Flounder and sole are found from the Bering Sea to southern California in sandy or muddy substrate. Juveniles are found in shallow water near rivers and in estuaries in eelgrass beds. Adults generally are found in deeper waters in the winter and migrate to shallower water in the spring. In Whatcom County waters, surveys show wide distribution of English sole in north county waters with overlapping distribution of starry flounder and Dover, rock, and sand soles.
This Whatcom County map shows areas where flounder and sole have been found. This map is based on data compiled by Miller and Borton, Geographical distribution of Puget Sound fishes (1980), and Washington Department of Fisheries, Technical Report 79 (1992). The map was created by People For Puget Sound.
Spawning takes place in shallow water from winter to early spring, with females releasing up to a million eggs that float near the surface and are carried along by currents.
Adult flatfish are carnivorous, feeding on worms, clams, shrimps and other small bottom-dwelling organisms. Juvenile flatfish are found in shallow bays and estuaries and are preyed upon by herons, gulls, otters, and other fish. These fish are dependent on clean habitats in shallow bays and estuaries when growing up. In contaminated habitats, high levels of toxic chemicals accumulate in their tissues, and they develop disease, tumors, and reduced reproductive success.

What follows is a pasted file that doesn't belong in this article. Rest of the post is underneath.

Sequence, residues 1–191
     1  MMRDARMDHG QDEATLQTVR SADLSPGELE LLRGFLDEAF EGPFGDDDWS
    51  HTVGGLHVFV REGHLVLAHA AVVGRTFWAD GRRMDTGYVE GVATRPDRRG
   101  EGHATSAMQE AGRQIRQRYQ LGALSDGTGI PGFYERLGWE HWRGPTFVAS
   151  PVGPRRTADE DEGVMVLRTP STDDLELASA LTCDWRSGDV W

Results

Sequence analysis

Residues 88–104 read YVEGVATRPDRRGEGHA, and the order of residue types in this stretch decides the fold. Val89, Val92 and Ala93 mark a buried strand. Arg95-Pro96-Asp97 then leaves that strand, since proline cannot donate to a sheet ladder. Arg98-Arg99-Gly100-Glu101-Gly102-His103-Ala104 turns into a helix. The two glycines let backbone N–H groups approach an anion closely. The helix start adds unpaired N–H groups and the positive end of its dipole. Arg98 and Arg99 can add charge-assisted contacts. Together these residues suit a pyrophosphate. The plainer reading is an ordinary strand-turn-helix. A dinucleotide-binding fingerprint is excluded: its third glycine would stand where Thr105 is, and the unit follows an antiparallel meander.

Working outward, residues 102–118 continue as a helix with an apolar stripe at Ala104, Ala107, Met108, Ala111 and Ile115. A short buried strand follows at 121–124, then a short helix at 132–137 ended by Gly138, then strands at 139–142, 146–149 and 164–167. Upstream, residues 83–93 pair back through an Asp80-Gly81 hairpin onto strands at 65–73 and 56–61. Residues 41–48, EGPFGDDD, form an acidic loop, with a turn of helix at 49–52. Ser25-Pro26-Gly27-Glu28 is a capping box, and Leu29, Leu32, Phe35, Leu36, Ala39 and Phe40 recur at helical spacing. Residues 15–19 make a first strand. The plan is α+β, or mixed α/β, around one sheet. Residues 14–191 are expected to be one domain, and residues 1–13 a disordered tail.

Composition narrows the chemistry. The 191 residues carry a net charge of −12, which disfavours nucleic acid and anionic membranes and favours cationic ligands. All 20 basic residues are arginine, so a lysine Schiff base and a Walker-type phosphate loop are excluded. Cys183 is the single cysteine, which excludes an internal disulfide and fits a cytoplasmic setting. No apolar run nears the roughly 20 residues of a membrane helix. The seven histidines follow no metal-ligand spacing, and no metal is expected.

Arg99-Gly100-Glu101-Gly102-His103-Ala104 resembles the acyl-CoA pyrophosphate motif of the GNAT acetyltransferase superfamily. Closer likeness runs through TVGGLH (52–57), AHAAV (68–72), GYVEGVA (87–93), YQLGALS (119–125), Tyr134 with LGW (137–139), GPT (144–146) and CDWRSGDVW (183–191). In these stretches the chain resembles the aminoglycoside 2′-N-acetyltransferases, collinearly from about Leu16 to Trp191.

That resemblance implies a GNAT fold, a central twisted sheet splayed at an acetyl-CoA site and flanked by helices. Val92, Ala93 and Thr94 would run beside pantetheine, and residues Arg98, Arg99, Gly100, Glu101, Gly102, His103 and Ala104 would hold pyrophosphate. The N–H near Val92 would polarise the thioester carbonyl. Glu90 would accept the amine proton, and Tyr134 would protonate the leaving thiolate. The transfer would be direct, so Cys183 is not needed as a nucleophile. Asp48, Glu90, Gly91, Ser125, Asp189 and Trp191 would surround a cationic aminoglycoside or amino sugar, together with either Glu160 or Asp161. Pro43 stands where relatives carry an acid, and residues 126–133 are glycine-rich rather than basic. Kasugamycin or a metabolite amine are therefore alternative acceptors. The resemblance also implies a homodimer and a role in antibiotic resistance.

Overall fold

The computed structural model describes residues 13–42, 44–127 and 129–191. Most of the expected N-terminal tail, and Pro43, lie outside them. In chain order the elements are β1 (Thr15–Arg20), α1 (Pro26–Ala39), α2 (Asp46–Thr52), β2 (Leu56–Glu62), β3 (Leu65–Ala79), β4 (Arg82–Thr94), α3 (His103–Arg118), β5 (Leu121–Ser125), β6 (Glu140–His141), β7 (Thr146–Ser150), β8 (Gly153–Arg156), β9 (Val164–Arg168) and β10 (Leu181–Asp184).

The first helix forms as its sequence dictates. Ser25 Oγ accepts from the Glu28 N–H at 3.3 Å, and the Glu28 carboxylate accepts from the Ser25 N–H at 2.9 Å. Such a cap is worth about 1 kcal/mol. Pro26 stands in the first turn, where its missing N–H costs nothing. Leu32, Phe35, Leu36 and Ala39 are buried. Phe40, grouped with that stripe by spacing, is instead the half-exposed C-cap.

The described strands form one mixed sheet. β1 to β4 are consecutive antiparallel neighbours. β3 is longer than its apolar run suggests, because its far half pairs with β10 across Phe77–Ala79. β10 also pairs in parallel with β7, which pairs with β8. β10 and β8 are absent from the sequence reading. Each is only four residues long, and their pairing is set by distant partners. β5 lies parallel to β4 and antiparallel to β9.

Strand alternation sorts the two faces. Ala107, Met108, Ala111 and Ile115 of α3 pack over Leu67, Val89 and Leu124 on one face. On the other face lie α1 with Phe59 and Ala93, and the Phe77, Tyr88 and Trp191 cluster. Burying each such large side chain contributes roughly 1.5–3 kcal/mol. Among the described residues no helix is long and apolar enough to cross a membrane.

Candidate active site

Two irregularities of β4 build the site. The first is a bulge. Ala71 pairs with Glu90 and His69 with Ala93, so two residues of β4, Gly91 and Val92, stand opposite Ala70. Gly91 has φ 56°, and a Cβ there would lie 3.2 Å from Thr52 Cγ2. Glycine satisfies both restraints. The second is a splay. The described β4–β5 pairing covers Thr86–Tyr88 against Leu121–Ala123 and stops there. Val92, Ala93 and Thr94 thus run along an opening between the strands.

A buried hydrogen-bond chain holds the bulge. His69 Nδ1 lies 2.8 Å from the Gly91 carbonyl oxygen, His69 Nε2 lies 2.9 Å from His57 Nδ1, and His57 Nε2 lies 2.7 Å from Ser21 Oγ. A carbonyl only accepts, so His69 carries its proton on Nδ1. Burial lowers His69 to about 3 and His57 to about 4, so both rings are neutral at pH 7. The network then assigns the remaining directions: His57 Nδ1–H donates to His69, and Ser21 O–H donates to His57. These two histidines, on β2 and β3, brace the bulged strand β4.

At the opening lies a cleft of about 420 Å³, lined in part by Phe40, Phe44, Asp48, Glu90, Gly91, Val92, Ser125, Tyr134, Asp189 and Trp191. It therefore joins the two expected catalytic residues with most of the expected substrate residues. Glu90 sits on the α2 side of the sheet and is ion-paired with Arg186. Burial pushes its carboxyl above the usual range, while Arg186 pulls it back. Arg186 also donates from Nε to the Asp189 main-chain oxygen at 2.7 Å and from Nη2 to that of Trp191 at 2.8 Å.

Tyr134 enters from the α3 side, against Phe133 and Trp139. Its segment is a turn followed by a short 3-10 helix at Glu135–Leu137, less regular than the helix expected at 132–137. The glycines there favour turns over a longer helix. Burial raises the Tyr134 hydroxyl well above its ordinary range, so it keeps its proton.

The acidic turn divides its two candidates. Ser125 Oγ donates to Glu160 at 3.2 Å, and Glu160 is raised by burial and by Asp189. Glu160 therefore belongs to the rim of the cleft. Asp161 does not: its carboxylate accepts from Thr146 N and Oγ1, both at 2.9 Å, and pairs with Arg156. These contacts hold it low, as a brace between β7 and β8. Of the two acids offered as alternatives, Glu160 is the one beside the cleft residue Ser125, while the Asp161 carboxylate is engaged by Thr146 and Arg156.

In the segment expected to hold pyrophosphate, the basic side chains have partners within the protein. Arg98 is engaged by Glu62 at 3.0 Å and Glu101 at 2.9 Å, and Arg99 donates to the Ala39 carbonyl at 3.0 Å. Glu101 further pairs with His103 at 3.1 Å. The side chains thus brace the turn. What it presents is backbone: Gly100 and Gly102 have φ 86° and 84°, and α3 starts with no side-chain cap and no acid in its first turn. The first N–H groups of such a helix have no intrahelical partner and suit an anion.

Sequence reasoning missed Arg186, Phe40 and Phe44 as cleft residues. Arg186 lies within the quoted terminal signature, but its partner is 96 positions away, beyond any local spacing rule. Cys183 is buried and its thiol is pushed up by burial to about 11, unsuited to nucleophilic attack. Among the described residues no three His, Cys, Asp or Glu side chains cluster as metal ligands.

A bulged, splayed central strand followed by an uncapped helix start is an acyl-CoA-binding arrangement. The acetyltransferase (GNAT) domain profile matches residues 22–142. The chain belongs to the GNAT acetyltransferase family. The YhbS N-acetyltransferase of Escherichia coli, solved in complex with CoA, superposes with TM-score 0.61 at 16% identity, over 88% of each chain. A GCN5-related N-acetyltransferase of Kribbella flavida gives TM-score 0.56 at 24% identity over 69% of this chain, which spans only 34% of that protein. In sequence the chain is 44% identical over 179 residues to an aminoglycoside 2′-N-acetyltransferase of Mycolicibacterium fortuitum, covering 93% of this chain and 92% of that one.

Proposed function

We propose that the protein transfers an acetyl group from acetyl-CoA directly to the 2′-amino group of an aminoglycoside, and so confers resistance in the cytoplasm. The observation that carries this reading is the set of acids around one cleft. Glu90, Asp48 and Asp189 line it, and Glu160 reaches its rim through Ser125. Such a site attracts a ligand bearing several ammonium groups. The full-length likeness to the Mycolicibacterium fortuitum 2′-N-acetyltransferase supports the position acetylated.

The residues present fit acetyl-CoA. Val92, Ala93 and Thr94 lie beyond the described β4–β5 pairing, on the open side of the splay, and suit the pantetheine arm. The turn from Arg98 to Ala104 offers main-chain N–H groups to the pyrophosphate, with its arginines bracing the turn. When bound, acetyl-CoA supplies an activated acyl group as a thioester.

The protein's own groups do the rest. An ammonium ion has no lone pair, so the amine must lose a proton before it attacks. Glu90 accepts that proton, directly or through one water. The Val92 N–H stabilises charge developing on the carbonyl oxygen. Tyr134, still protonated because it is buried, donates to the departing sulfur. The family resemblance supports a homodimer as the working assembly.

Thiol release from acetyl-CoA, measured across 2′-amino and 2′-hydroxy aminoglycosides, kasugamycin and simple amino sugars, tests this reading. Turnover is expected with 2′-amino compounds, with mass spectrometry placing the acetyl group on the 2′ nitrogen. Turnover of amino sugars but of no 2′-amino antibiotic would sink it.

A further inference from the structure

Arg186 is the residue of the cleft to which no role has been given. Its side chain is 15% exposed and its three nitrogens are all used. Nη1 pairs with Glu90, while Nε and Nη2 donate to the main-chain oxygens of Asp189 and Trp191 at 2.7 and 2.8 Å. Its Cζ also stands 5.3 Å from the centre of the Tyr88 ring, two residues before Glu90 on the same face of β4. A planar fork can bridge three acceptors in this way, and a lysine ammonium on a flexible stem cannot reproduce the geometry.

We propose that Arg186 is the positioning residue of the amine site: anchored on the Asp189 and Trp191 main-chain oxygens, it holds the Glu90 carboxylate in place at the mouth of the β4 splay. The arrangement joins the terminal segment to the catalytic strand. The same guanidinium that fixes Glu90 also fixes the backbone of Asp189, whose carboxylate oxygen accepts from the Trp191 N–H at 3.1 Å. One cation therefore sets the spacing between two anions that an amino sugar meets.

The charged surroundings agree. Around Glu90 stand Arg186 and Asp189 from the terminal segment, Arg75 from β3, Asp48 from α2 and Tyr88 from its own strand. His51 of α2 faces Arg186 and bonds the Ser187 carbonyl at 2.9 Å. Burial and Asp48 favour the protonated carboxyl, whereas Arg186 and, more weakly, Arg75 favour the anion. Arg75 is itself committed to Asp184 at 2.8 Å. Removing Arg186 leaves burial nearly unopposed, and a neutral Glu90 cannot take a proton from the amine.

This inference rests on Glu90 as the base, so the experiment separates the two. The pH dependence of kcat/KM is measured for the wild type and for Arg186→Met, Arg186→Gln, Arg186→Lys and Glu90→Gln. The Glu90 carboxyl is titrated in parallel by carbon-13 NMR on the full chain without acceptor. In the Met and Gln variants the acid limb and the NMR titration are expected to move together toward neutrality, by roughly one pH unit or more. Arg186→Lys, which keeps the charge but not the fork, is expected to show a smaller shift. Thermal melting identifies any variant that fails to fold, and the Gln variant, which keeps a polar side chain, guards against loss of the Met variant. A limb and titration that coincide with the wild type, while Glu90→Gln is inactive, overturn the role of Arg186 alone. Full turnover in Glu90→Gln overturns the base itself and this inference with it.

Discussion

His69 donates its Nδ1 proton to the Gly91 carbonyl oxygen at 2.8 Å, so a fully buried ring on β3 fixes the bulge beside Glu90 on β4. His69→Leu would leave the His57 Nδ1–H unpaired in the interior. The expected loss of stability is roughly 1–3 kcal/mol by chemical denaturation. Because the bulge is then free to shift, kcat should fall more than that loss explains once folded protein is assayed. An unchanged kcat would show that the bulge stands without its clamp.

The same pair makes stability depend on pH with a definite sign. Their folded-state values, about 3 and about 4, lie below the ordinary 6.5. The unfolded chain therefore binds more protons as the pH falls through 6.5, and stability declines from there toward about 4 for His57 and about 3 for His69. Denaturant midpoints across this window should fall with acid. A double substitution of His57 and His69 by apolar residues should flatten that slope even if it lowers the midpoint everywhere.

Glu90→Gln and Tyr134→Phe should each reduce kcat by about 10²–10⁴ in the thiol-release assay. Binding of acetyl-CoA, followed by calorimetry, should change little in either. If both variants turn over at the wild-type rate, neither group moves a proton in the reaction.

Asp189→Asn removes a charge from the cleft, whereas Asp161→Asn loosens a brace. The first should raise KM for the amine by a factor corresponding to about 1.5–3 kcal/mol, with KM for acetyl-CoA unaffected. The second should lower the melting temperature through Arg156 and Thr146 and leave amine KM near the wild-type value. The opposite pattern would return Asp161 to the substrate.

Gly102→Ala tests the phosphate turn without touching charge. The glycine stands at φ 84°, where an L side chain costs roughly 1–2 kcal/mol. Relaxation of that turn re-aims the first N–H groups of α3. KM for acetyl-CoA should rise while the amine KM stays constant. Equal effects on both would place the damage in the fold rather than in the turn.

Flatfish have been harvested by native tribes for subsistence and cultural purposes and are harvested commercially in Whatcom waters by trawling. The commercial catch of starry flounder in Bellingham Bay and the Strait of Georgia has declined from an annual catch of over half a million pounds in 1988 and 1992 to 80,000 pounds in 2001. Commercial harvest of sole species in the Strait of Georgia has averaged about half a million pounds annually since 1983 and has increased to over 900,000 pounds in 2001. Some flatfish, such as rock sole which inhabit shallow waters and take bait readily are caught on hook and line by sport fishers, sometimes inadvertently when fishing for salmon.
- Populations of Strait of Georgia and San Juan Islands flatfish like English sole, rock sole, starry flounder, sand sole, and Pacific halibut are estimated to be in above average condition when compared to historic abundance by state fisheries managers.
- The population of Dover sole, however, is in critically depressed condition and could be as low as 25% of historic abundance.
- Toxic chemical contamination in shallow bays and estuaries where flatfish live, spawn and grow accumulate in their tissues, impair growth, resistance to disease and reproductive capability. Disrupting eelgrass and kelp beds in bays and inlets where young fish find shelter and grow takes away important nursery areas.
- Status of Puget Sound Bottomfish Stocks (1995), Washington Department of Fish & Wildlife
- Marine Wildlife of Puget Sound, the San Juans, and the Strait of Georgia, Steve Yates
- 2002 Puget Sound Update, Puget Sound Ambient Monitoring Program
- Marine Resources of Whatcom County, Anchor Environmental